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DHS news release

The following guest opinion was published in the August 2004 issue of ORHealth, a magazine distributed at 300 outlets in Marion, Polk and Yamhill counties.

The following was written by Lorraine Duncan, DHS immunization program manager.

Length: 566 words

Add shots to your child's 'back to school' list


By Lorraine Duncan

As fall approaches, parents naturally begin thinking about what needs to be done as children prepare to return to school. New clothes and school supplies top the list, but how about updating your child’s immunizations?

All kids need routine shots throughout childhood to remain protected against diseases. It's easy to forget how dangerous these illnesses have been -- and can still be -- because, thanks to immunizations, we don’t see them as often.

Half a century ago, parents lived in fear of childhood diseases such as polio. Symbolized by the "iron lung," polio often meant life-long disability and even death. That changed in 1954 when Jonas Salk introduced his vaccine and it rapidly became a routine childhood immunization. Today, polio-induced paralysis has almost been eliminated worldwide.

The need for preventive vaccination against disease is as important today as it was in the past. Many diseases, such as measles and whooping cough, can cause significant disability and death, and still occur routinely around the world. In an age of international travel, any disease can be in Oregon within hours.

Here are some other points to consider:

  • Oregon has seen a significant increase in whooping cough in the past few years, leading to several major outbreaks since 2002 and an infant death in 2003;
  • Last year there were three imported cases of measles in Oregon;
  • Before routine vaccination, chickenpox caused about 100 deaths and 11,000 hospitalizations in the United States every year. Most deaths occurred among healthy adults and children.
  • Almost all cases of tetanus occur in people who have never been vaccinated or who haven't had a recent tetanus booster.
New this year is a recommendation for routine flu vaccination of all children between 6 months and 2 years of age. Children who are less than 6 months old cannot be vaccinated, but they’re still at risk. Those who have close contact with any child under age 2 years -- such as parents, siblings and child care workers -- need to be vaccinated against flu to protect our most vulnerable youngsters.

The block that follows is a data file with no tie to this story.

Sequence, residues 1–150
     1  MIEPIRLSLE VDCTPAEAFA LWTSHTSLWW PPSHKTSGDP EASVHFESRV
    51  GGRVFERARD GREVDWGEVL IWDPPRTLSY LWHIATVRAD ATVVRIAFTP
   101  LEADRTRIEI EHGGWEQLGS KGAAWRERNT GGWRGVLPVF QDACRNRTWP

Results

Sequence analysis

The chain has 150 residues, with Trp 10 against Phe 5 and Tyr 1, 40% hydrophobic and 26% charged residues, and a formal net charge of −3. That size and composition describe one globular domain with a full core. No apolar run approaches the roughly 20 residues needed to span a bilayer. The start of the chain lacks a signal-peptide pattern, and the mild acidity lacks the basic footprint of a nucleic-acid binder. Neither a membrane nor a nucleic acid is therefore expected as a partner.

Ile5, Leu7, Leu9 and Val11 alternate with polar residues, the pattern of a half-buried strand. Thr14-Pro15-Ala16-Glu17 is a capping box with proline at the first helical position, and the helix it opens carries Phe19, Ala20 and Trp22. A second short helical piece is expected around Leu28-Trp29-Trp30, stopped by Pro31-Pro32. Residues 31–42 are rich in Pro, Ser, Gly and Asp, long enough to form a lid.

Additionally, anyone in a high-risk category, such as people with asthma or diabetes, should receive an annual flu shot. Plus, since flu vaccine is usually widely available, anyone who wants to lessen the chance of getting flu may be vaccinated.

Back-to-school is a perfect time to talk with your medical provider or local health department about whether your child is up-to-date on the required shots. You can also find out when flu vaccine will be available in your community.

The pain of a needle lasts just a few seconds, but the damage of disease can last a lifetime. Children who are missing shots are at risk of preventable disease and they also put those within their community are risk.

Keeping your children current will save you one more headache later: Children who attend school or childcare may be sent home if their shot records are incomplete. Be sure to review their immunization records at school or childcare and add any shots they have recently received.

One last thought: Immunizations aren't just kid stuff. If you can't remember when you had your last tetanus booster, it's time to get one. Get a flu shot yourself to avoid dealing with flu in your household this winter. And the next time you see your medical provider, ask for a check on whether you need any immunizations.

Find more information on routine immunization on the DHS Public Health Web site.

Lorraine Duncan is immunization program manager in the Oregon Department of Human Services.